This necrology appeared in the Spring 1999 issue 18 of Non Serviam journal It appears the introductory inset text that follows was written by Svein Olav Nyberg, followed by S.E.P.s writing after the line.

William Flygare died on September 2, 1997. He was eighty years old. Born of Swedish parents in Boston, U.S.A., he was educated at Roosevelt University,Chicago, where he gained a B.A. in philosophy. In 1951 he was invited to Japan by the Lady Ohtani to study Buddhism at Ohtani University. Here he added to his B.A. an M.A. in Buddhist Studies, but later found he could no longer believe in the Buddhist faith. He also lectured in English at Ohtani. In 1954 he moved to the Kyoto University of Foreign Studies and there rose from Staff Lecturer to Professor. He lived in Kyoto City until his death.


His published works included two collections of poetry: Presence in 1972 and This in 1993 (revised 1995); a monograph Montaigne-Shakespeare in 1978; an annotated edition of Etienne la Boetie’s The Will to Bondage in 1974. In 1996 he completed The Wrath of Hamlet, which has yet to be published. In addition he contributed reviews, translations and poetry to Minus One and Ego.

Around 1970 he prepared a new edition of Max Stirner’s The Ego and His Own for The Libertarian Book Club of New York which, despite their initial enthusiasm, they eventually refused to publish. His introduction contained a witty overview of the diverse reactions of both published writers and private correspondents to their reading of Stirner, a translation of Goethe’s light-hearted drinking song “Vanitas! Vanitatum! Vanitas!” “that Stirner had adopted as his theme song”, and a description of “the making”of the form and style of The Ego and His Own. Flygare concluded “Max Stirner has been associated with philosophy, (a-)politics, history and especially with language and literature, but it is most likely as an educator (educer rather than inducer) that he lives.” “To teach means to encourage.”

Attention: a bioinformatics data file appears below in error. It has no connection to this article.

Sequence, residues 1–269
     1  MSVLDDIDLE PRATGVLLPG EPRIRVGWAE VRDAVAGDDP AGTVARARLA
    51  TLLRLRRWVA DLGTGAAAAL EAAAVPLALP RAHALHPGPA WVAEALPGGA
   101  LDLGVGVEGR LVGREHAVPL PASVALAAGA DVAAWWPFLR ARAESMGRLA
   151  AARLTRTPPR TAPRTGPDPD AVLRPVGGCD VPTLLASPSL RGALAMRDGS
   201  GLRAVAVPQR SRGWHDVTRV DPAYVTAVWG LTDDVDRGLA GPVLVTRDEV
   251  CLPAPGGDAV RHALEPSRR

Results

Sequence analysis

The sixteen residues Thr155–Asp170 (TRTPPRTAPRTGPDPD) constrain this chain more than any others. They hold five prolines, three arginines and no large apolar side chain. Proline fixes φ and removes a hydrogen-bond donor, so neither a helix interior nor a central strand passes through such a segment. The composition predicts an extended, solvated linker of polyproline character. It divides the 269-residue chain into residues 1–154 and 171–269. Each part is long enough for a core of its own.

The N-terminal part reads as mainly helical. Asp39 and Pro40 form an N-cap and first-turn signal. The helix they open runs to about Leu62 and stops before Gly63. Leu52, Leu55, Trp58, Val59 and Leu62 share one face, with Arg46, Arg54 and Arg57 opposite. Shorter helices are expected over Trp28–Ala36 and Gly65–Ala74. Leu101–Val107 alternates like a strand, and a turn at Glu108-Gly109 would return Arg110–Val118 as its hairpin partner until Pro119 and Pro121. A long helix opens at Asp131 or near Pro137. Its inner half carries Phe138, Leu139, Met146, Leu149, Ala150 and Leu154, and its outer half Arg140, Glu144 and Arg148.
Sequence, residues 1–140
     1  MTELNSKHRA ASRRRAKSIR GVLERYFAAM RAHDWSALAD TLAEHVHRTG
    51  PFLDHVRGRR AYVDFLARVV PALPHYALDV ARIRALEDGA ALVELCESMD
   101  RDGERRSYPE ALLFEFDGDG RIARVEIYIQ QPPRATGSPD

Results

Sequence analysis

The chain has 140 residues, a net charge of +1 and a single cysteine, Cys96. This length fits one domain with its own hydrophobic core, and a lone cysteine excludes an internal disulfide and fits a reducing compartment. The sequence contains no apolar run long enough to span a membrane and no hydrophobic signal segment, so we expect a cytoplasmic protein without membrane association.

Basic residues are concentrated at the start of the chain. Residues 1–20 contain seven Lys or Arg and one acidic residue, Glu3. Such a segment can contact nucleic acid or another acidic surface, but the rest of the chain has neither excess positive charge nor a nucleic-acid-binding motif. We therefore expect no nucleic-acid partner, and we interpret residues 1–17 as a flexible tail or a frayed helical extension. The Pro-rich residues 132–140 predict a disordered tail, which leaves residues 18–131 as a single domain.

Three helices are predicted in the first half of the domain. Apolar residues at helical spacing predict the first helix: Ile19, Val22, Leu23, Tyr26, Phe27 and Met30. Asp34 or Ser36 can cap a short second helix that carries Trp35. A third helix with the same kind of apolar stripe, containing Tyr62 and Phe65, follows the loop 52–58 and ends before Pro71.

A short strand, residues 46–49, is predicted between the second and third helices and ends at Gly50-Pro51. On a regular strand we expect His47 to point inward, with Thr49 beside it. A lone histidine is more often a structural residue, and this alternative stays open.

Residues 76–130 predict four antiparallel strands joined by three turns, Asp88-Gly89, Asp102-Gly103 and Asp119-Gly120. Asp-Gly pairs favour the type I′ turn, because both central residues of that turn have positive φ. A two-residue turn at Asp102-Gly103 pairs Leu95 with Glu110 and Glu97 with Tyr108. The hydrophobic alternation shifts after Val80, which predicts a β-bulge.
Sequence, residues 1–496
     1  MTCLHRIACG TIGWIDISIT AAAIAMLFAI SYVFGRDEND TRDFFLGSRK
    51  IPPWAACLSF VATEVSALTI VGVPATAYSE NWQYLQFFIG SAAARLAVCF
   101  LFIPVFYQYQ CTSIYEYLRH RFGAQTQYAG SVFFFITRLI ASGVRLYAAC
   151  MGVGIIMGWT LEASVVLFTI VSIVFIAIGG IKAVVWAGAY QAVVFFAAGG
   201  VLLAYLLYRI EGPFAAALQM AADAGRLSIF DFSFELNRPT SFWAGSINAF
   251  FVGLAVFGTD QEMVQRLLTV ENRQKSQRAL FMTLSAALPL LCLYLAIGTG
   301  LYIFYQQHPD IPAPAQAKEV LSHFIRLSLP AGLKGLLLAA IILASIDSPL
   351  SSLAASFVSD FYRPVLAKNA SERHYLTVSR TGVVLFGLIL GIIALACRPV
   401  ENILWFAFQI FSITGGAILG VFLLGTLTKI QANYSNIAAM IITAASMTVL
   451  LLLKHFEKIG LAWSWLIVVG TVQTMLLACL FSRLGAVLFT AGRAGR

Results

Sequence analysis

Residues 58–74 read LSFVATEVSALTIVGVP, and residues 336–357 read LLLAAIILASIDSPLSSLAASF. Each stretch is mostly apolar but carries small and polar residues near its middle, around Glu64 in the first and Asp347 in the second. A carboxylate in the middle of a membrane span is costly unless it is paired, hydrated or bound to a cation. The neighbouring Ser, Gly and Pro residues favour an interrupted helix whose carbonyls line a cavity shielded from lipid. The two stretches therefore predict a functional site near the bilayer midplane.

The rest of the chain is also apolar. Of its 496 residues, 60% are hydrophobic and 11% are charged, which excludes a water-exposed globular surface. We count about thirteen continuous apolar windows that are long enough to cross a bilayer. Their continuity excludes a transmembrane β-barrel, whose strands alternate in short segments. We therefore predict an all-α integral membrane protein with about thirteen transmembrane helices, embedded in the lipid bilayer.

A glimpse of the man behind the writings was shown when he retired and wrote a farewell message to his students for the Kyoto University magazine”Logos”. In it he recalled the student disturbances of 1969: “In my diary I read ‘Hatsun-guo (Pronunciation Sutra) beats reds’: while all other class-rooms were empty, we could prevent rioters from breaking up your class by standing in our midst and answering nonsense with nonsense by our chanting the pronunciation syllables ‘er-aw-oh’ and so on.”

William is survived by his wife Yoshiko, his daughters Freya and Mathilde,and a grandson, Otaro.

S.E. Parker, June 1998